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  The Trade Deficit in Goods and Services Came in at $40.4 Billion in March
Posted Under: Data Watch • Productivity • Trade

 

Implications: The trade deficit narrowed in March to the lowest level in over a year as imports fell faster than exports. Despite the smaller trade deficit, this was not a great report. Imports declined by $8.1 billion in March, the largest drop in over a year. As the GDP report showed last week for Q1, companies were still trying to get inventories in line with weaker demand which probably held back imports.  Exports also declined but by a smaller $1.5 billion. Slow economic growth abroad has held down exports over the past year and may continue to be a factor for the coming year. Another ongoing factor effecting U.S. trade with the rest of the world is the decline in U.S. oil imports. U.S. imports of petroleum and petroleum products in March were the lowest since 2002. Back in 2005, U.S. spending on oil imports was 11 times exports; that ratio is now down to 1.5, and headed lower. In other news today, nonfarm productivity in Q1 declined 1.0% at an annual rate, as hours grew faster than output. The consensus expected a decline of 1.3%. Real (inflation-adjusted) compensation per hour in the nonfarm sector was up at a 3.4% annual rate in Q1 and is up 1.7% versus a year ago. Unit labor costs rose at a 4.1% annual rate in Q1 and are up 2.3% in the past year. It looks like wage pressures are starting to build with the strengthening labor market.  On the manufacturing side, where it is much easier to measure output per hour, productivity rose 1.9% at an annual rate. The faster pace in manufacturing productivity growth was due to an increase in output in that sector, along with a decline in hours. Real compensation rose 0.9% while unit labor costs fell 1.2%. We anticipate faster productivity growth over the next few years as new technology increases output in all areas of the economy.  The declining unemployment rate, decline in labor force participation, and faster growth in wages should generate more pressure for efficiency gains, while the technological revolution continues to provide the inventions that make those gains possible.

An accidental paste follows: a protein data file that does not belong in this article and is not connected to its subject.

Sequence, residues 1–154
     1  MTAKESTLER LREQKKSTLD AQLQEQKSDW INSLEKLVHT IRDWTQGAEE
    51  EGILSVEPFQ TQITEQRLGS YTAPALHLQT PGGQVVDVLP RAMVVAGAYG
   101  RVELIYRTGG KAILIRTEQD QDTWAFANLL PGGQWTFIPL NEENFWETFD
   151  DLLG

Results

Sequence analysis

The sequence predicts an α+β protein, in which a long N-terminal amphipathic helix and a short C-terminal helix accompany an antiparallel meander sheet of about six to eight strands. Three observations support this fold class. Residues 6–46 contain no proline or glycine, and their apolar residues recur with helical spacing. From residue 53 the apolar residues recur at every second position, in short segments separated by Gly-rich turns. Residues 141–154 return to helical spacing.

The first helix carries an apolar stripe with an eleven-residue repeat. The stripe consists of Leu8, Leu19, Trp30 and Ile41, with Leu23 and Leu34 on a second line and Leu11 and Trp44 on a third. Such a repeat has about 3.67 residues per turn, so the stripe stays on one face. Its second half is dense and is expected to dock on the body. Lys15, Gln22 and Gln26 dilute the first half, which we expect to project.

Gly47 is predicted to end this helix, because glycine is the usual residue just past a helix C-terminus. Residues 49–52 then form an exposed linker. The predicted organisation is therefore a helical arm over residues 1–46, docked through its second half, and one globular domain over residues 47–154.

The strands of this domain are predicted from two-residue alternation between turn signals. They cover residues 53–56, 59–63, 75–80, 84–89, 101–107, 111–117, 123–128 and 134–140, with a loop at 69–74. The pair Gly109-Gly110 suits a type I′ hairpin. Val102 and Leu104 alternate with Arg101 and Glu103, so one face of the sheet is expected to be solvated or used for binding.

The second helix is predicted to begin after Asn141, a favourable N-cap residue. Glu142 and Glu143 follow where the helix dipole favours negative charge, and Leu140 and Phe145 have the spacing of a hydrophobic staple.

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Posted on Wednesday, May 4, 2016 @ 11:42 AM • Post Link Share: 
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